Source: ABC News
NSW Police have asked a court to order YouTube comedian FriendlyJordies to take down videos about a case against his producer.
The producer, Kristo Langker, is accused of stalking former NSW deputy premier, John Barilaro, and has denied any wrongdoing.
Mr Langker was arrested at his Dulwich Hill home in June following an investigation by the state’s fixated person’s unit.
Jordan Shanks, aka FriendlyJordies, has published videos on his YouTube channel about the case, including one less than 24 hours before the matter was due in court on Wednesday.
In an application to the court, NSW Police sought orders forcing Mr Shanks to remove all material associated with the case and preventing him from publishing further material until it is finalised, expected to be after May 2022.
Police Prosecutor Amin Assaad described Mr Shanks as “a gift that keeps on giving” after his most recent video, which included details about the police application.
“As of 9am it had 248,000 views,” Sergeant Assaad told the Downing Centre Local Court.
“He is interfering in the administration of justice … he’s in a position to influence witnesses.”
Sergeant Assaad suggested Mr Shanks should be found in contempt of court and claimed the issues raised in the video were “not 100 per cent correct”.
But Barrister Philip Strickland SC, for Mr Shanks, said the application was too broad and appeared to be “fundamentally defective”.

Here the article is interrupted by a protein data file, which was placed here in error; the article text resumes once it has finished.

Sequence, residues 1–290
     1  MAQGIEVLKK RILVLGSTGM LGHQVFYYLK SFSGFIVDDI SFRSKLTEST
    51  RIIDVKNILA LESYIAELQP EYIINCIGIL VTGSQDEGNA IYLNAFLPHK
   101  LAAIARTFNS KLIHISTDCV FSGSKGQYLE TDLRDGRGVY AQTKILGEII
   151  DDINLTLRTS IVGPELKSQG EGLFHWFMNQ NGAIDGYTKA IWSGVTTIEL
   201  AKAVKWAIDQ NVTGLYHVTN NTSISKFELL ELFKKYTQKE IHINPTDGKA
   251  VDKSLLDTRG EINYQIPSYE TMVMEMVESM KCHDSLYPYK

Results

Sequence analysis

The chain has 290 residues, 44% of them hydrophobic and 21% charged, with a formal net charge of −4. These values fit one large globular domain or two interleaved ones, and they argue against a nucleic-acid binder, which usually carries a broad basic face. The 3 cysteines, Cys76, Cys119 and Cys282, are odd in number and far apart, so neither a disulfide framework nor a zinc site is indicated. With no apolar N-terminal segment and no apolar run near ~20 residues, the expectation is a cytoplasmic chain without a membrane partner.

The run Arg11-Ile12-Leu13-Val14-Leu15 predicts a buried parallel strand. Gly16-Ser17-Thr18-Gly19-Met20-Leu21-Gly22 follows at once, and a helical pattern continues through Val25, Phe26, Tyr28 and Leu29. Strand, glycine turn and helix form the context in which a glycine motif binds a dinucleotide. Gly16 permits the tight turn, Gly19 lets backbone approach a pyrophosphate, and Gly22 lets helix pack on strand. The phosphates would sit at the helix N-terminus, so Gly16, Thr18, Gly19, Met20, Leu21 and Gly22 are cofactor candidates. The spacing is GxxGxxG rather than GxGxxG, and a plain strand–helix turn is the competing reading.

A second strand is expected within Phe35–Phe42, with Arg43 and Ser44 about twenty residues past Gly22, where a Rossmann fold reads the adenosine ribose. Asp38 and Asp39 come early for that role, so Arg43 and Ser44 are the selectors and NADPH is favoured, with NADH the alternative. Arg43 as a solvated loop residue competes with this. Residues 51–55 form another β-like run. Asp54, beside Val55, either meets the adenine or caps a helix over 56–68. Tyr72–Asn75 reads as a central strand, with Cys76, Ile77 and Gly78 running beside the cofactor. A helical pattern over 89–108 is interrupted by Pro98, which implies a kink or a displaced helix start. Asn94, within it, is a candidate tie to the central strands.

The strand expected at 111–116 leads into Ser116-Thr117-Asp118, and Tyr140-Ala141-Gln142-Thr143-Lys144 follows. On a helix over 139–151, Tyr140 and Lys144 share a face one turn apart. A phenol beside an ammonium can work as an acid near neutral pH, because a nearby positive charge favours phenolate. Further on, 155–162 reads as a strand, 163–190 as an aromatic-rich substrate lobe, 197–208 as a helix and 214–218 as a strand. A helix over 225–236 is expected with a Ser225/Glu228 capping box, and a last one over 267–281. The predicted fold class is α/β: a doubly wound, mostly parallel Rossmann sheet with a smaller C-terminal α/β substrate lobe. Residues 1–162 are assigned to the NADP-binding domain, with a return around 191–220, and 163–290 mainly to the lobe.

He said Mr Shanks’s video involved criticism of the involvement of the fixated persons unit, similar to legitimate questions asked by “a whole range of people”, including politicians.
“This is an attempt under the guise of the Act to shut down criticism expressed in terms, no doubt, that are regarded as unfavourable, but it’s to shut down criticism,” Mr Strickland said.
He called for the application to be dismissed, describing it as “tantamount to an abuse of process”.
Magistrate Jacqueline Milledge said worse things were said about the judiciary every day.
“I’ve never seen an application like this before in this court,” she said.
Sergeant Assaad said Mr Shanks had 570,000 followers and was commenting about the strength of the prosecution brief.
“Isn’t this giving all of that oxygen?” the magistrate replied.
Sergeant Assaad insisted Mr Shanks was “leading the charge” and said the videos had the potential to influence witnesses.
“That’s a charge? God, it’s not even a walk through the park. It’s inane,” the magistrate replied.
Magistrate Milledge adjourned the application until next week.
She said police needed to be specific about what they rely on for both the contempt and suppression issues, rather than providing “a dump of everything that’s been said on a video”.